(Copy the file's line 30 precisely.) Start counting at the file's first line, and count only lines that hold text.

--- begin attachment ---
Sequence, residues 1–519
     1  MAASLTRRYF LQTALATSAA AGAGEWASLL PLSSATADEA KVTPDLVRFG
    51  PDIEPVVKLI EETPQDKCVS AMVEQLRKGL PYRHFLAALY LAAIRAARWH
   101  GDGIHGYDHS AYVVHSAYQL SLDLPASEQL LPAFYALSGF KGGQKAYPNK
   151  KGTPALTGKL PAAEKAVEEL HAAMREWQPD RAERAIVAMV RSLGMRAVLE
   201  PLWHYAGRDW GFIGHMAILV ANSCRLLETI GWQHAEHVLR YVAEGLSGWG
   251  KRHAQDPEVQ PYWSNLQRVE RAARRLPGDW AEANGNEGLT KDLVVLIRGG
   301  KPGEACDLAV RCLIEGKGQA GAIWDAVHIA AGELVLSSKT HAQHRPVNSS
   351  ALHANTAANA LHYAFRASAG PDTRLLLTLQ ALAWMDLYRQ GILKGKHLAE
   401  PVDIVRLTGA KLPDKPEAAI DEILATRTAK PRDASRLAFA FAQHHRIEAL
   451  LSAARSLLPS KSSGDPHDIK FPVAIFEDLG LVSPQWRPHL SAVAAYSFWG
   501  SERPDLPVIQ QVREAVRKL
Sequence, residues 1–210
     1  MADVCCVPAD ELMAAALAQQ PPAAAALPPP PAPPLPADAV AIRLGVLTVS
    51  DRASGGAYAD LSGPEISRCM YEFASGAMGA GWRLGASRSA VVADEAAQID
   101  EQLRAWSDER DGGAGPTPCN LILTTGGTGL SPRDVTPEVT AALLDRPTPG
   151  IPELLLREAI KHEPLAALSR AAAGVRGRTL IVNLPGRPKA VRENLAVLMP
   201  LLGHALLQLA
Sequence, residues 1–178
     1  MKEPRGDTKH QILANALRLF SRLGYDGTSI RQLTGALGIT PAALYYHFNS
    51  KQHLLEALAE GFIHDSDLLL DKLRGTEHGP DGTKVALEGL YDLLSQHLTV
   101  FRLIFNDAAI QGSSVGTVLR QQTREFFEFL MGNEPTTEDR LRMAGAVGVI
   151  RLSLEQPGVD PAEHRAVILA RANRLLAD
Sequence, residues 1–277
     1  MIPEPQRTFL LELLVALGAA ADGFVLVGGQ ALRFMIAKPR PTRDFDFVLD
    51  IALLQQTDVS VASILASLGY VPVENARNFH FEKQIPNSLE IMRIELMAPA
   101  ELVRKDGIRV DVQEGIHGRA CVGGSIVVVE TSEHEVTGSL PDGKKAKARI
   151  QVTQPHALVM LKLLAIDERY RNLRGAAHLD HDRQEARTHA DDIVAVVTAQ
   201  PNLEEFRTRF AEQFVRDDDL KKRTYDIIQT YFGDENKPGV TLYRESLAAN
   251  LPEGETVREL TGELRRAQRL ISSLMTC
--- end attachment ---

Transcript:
   251  LPEGETVREL TGELRRAQRL ISSLMTC